By Mehwish Azam
ISLAMABAD, Dec 14 (APP):Contrary to popular belief, the performance of Women legislators in both Houses remained remarkable and in Parliament’s history they presented a significant number of 133 bills for legislative business in just four years (2018 to 2021).
Having representation of only 33% in both Houses, women have participated in parliamentary business, including a number of key legislation pertaining to women rights/human rights, moved some significant resolutions, calling attention notices concerning matters of national importance and budget cut motions.
Women lawmakers have addressed a wide range of issues and their bills were not just women-specific but also included Wages for Skilled Worker, Persons with Disabilities, China Pakistan Economic Corridor (CPEC), Child Marriage Restraint, Mental Health Amendment Act, Prevention of Drug Usage in Educational Institution and Human Trafficking Acts etc.
According to the information received through Right to Information(RTI) by Women’s Parliamentary Caucus, female lawmakers have laid 55 private members bills in the National Assembly and 78bills in Senate during ongoing parliamentary years (2018-2021).
Out of these bills, 32 were passed into an act making the ratio of24% bills presented by women and passed by legislative Houses, Talking to this scribe, PTI legislator and federal parliamentary secretary for national history and literary heritage Ghazala Saifi said women, despite not having a large number of legislative positions as MNAs and Senators, have presented some significant resolutions/ notices in the House.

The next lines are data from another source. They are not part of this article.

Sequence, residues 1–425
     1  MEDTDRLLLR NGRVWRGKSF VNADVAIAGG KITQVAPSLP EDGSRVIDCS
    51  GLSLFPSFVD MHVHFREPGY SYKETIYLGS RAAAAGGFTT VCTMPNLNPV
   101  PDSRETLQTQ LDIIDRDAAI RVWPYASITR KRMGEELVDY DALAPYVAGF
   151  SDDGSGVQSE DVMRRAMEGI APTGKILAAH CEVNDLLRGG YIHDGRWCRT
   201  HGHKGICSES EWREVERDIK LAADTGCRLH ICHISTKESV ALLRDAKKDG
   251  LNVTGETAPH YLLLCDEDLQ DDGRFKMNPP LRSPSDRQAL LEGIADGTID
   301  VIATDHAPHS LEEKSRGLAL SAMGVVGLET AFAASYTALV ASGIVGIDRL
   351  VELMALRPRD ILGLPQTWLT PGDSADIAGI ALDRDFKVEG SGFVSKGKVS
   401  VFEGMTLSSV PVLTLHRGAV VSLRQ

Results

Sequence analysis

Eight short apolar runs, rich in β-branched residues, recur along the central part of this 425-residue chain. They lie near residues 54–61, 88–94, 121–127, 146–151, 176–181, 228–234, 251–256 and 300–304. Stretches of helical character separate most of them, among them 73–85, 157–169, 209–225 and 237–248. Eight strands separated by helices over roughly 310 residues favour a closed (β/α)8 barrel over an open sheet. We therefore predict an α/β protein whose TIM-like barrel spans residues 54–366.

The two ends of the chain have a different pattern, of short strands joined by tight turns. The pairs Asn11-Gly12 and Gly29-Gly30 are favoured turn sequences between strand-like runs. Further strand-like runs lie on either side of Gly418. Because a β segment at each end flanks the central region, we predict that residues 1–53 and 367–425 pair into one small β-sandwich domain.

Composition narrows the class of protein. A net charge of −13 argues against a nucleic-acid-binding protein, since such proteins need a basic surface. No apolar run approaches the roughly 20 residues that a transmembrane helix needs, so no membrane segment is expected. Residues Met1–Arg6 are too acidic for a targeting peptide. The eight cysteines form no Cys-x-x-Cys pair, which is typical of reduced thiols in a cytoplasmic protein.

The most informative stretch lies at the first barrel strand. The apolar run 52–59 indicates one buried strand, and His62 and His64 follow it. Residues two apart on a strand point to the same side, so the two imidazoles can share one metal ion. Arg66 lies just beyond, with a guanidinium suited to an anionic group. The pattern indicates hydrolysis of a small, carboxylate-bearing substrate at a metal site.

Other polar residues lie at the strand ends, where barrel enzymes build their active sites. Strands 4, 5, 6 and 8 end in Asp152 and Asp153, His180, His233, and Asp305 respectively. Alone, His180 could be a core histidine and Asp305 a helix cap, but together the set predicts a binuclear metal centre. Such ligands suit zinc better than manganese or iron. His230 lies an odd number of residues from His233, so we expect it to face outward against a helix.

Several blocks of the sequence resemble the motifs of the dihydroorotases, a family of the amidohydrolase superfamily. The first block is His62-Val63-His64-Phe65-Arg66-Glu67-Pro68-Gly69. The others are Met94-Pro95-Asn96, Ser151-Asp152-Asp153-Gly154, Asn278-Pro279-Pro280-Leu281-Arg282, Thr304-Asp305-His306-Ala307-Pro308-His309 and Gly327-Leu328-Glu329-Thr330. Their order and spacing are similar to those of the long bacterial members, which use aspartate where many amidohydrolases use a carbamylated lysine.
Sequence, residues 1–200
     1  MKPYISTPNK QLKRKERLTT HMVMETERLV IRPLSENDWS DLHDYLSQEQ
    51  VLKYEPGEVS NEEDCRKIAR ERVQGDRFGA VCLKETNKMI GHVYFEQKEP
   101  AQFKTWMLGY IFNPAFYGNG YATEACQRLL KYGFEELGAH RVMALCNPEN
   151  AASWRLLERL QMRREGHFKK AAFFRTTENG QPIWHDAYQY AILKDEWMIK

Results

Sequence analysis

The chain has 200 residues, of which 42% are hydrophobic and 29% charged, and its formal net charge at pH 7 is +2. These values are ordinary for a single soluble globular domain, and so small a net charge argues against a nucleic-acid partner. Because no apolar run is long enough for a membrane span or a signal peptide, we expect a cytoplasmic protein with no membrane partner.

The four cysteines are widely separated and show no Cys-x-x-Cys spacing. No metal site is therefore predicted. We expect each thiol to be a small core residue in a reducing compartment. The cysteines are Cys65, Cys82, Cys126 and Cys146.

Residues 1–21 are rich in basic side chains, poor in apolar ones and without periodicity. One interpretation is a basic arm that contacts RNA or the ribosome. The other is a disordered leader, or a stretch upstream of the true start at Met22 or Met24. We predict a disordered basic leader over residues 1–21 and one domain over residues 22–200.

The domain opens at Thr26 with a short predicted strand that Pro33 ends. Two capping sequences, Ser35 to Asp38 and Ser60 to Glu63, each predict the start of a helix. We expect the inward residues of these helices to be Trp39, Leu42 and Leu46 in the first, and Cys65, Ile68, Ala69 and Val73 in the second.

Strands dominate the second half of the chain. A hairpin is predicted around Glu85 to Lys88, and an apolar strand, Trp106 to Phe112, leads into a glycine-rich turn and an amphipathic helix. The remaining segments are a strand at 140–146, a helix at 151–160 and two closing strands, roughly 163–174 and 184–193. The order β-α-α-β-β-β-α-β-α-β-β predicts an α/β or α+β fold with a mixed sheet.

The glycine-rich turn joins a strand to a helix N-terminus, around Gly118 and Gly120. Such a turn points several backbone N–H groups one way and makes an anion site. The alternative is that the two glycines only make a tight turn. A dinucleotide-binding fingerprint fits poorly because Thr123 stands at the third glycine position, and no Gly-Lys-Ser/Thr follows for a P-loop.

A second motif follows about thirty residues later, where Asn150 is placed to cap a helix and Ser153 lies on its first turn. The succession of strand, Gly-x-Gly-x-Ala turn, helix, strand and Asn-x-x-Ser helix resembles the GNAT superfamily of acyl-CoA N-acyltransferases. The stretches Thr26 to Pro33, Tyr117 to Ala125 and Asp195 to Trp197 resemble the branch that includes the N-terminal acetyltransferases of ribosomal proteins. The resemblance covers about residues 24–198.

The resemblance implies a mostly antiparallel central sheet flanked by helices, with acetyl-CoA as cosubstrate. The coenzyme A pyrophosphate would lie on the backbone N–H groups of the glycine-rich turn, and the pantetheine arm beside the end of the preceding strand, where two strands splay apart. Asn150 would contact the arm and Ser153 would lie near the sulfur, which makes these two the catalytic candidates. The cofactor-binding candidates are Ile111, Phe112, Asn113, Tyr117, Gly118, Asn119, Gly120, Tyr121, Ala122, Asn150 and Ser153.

“Our women colleagues realize that being in the parliament of Pakistani as legislator is a big responsibility. Most of the legislation they come forward with are related to human rights”, she added. Ghazala said that in the parliamentary committees women participants bring in the bills through debates and logic.
“Generally women being 50% of our population need to have a higher number in the parliament than the one that exists”, said PTI legislator. Despite this progress, there are politicians who are of the view that this performance still has room for improvement as women legislators are still not responded well by the house as their male counterparts.
In this regard, a veteran female legislator from Muttahida Majlis-e-AmalPakistan (MMAP) Aliya Kamran talked to this scribe terming these statistics ‘not good enough’ on behalf of female legislators. She said that women lawmakers have come a long way in terms of being recognized in the parliament of Pakistan.
However, she said, there are still some glitches that need to be addressed in order to make the role of women more productive and ‘heard’ in the legislative business. She suggested that trainings that are conducted for lawmakers, men or women, should be organized by government institutes instead of international NGOs.
These NGOs, she explained, do not have the proper insight of the ground realities that every MNA/MPA faces in their constituencies rather they have their own policies to implement.
She also suggested that the role of women from treasury benches should be more forceful and active as they had more young and educated parliamentarians.